Yoga: A Road Map to a Healthy, Happy and Fulfilling Life - An Introduction to the 8 Limbs of Yoga
What is yoga, really? You may be surprised to learn that the practice of yoga is so much more than doing poses on your mat. In fact, most of yoga can actually be practiced off your mat! Yoga is a Sanskrit word that means to “yoke” or “to unite” and is a practice that cultivates the interconnectedness of body, mind and spirit. Yoga is not just a physical practice, it’s an entire lifestyle---a way to live your life more mindfully to help you be happier and healthier.
Yoga is a Way of Life
A great resource for this practice is Patañjali’s ancient text, the Yoga Sūtra, which is considered to be the foundation of yoga. Within this text is an 8-limbed path known as the 8 Limbs of Yoga, or Ashtanga Yoga. It is a road map on how to mindfully navigate through your life. Chip Hartranft describes the 8-limbed path in his book, The Yoga Sūtra of Patañjail, as follows:
“Patañjali conceives of the yoga program as a holistic process with eight components. Ashtanga-yoga literally means “eight-limbed yoking,” with each “limb” meant to address a different aspect or threshold of being….Like the limbs of an animal, the eight components of the yoga program work together in concert. Structurally, ashtanga-yoga addresses eight strata of personhood, moving from an externalized to an internalized perspective.”
The eight components include ethical principles, self-care practices, physical postures, breath work, and meditation practices. Each limb is interconnected with the next and they are designed to be practiced in a circular and ongoing manner.
Benefits of the 8 Limbs of Yoga
There are many benefits you can receive from yoga, but the one concept that threads through the entire yoga philosophy and practice is that it opens your hearts to create more intimacy in your life. Intimacy with yourself, with others and with all of life. This yogic path can also help you understand 3 powerful concepts:
1st – yoga teaches you to feel and listen with your heart instead of your head,
2nd - that everything is impermanent, and
3rd, that everything is interconnected.
When you are able to see the world through these 3 lenses, you tend to respond more skillfully (instead of reactive) and, therefore, able to create conditions for a healthy, happy and fulfilling life.
Overview of the 8 Limbs of Yoga
Here is a brief overview of the 8 Limbs of Yoga:
Limb 1 is the yamas. The yamas are a set of ethical principles that serve as a guideline on how we treat others and our planet. They emphasize our connection to other beings as an integral part of yoga because everything is interconnected. We are not separate. What we think, feel and do has a direct impact on our world. We are therefore encouraged to be mindful of our actions, because every action we take has an effect. The yamas breakdown into 5 ethical practices for us to consider:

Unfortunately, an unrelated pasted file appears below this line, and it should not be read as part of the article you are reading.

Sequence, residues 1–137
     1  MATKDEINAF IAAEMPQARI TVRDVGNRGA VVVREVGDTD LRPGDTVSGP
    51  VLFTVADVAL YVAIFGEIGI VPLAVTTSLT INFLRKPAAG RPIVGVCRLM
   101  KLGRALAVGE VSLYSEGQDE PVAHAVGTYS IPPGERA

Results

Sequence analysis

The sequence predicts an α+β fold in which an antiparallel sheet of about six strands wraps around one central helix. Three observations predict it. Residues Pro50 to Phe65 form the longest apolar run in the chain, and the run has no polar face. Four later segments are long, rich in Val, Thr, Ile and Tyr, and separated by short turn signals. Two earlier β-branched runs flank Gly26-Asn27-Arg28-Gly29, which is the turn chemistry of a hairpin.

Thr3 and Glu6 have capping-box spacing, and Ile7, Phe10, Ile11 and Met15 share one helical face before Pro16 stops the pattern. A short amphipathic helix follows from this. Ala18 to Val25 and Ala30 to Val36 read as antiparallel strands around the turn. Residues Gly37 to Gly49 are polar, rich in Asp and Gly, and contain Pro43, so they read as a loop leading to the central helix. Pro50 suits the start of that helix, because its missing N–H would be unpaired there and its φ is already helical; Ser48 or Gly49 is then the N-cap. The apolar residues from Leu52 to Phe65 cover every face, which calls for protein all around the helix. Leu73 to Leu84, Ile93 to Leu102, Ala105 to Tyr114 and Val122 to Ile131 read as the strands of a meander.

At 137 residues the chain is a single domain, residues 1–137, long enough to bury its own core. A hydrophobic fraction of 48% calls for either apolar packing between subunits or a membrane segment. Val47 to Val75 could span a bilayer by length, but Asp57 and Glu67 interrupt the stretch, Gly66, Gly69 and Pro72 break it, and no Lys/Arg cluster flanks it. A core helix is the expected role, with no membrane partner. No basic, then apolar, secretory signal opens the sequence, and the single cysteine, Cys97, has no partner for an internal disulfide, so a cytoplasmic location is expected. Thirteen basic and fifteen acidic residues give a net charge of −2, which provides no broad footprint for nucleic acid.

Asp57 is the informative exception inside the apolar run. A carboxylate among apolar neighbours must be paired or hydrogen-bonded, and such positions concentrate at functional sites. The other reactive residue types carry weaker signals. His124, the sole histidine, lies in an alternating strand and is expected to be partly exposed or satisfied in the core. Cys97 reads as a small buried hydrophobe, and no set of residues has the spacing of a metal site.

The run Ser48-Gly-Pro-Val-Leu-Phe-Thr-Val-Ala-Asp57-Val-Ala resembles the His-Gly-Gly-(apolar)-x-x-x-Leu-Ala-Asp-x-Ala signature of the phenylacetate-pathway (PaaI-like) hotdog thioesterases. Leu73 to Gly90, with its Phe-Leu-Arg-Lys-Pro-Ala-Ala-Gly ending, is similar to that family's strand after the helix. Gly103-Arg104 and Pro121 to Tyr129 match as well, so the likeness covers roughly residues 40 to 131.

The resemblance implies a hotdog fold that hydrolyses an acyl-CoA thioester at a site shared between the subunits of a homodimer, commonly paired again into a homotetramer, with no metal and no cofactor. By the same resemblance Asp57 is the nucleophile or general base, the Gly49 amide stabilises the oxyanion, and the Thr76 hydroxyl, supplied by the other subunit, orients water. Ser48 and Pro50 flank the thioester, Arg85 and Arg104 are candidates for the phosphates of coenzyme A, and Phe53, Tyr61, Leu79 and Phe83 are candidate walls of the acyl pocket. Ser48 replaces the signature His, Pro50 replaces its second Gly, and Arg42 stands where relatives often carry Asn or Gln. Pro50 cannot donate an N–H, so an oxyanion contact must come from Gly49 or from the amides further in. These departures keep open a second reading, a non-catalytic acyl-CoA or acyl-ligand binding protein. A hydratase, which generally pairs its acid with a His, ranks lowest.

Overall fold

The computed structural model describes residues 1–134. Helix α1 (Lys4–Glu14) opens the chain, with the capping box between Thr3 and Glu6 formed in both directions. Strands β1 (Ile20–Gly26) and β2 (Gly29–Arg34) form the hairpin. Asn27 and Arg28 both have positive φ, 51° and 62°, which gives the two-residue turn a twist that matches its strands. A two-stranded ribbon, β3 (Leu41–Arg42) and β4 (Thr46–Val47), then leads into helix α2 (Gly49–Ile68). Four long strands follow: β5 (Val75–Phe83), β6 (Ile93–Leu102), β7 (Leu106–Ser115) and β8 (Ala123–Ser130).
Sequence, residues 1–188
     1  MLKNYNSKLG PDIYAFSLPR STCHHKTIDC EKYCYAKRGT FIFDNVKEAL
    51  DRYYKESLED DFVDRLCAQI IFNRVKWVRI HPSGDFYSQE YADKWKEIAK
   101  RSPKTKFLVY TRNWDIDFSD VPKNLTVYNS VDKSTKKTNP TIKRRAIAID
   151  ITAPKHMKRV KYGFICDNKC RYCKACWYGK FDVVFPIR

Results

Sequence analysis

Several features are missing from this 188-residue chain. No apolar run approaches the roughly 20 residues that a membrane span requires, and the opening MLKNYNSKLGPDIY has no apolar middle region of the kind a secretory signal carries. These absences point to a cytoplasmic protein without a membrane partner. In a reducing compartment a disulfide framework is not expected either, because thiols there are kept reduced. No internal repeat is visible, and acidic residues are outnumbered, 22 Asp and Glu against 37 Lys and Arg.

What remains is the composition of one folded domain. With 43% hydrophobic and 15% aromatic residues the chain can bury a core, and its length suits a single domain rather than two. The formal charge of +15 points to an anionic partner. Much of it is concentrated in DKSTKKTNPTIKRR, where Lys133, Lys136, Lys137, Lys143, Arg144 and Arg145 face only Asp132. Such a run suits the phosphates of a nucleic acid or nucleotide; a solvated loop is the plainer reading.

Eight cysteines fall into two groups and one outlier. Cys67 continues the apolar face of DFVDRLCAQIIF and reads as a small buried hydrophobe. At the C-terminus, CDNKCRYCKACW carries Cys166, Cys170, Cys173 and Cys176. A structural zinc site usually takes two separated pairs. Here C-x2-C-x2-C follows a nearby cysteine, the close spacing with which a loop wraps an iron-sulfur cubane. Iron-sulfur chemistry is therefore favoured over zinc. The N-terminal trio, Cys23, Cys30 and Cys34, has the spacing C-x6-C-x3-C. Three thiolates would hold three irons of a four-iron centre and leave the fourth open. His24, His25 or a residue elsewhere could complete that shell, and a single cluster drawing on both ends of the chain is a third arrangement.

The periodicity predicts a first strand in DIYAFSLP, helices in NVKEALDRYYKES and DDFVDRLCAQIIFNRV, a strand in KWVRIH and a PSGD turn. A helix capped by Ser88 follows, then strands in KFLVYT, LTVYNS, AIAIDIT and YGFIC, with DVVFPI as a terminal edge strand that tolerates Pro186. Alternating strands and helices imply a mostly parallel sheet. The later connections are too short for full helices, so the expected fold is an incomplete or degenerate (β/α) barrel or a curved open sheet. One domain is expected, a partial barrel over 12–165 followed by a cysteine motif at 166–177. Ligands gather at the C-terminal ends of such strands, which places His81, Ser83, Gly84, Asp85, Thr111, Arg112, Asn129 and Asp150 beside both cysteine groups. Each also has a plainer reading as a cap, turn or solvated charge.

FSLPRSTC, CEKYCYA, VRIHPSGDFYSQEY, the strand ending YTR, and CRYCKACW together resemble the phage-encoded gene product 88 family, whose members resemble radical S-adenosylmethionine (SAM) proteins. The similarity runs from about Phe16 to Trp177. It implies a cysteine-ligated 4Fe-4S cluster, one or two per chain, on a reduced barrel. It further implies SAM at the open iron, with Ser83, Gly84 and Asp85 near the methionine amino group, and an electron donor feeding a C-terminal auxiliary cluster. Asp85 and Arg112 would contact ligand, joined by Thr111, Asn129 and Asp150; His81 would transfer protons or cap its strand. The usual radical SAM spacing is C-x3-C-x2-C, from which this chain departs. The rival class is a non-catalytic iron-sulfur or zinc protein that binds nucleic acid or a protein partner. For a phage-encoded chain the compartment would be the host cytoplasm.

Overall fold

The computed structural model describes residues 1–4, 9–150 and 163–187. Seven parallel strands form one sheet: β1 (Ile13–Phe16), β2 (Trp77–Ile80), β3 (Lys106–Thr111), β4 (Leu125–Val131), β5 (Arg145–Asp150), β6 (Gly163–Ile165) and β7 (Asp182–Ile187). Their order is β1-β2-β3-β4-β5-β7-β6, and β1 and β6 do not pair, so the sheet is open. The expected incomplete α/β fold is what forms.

Ahimsā – not harming
Satya – honesty
Asteya – not stealing
Bramacharya – the wise use of creative energy
Aparigraphā – non-possessiveness
Limb 2 are the niyamas which are personal practices that teach us to respect ourselves on every level: body, mind and spirit. These ancient teachings are still very relevant today and provide self-care guidance that is so needed in our world. It is only when we are healthy and happy (or content) that we can give to the rest of the world. And being in this healthy state requires continuous practice. The niyamas breakdown into five habits that help us to maintain this state:
Saucha – purity, cleanliness
Santosha – contentment
Tapas – discipline and fire in the belly
Svādhyāya – self-reflection and study
Īshvara Pranidhāna – devotion or surrender
Limb 3 is āsana which is the physical practice of yoga. Interestingly, the Yoga Sūtra contains 196 verses of which only 2 are dedicated to physical postures.
Limb 4 is prānāyāma and is the practice of controlling the breath to create health in the body and peace in the mind.
Limbs 5 through 8 are dedicated to various meditation practices and consist of the following:
Limb 5 is pratyāhāra, the withdrawing of the senses, so that when we feel, hear, see, taste, touch and smell, we let go of reacting.
Limb 6 is dhāranā and teaches us about focused concentration.
Limb 7 is dhyāna, which is deep meditation.
Limb 8 is samādhi, which is the culmination of practicing all the other limbs of yoga which brings you to an understanding of truly knowing and feeling that everything is interconnected.
Just like any mindfulness program, it takes continuous practice to reap the benefits. Fortunately, there are many ways you can incorporate the 8 Limbs of Yoga into your daily life. To obtain specific examples to kick start your practice, refer to the OM Matters Website. Namaste!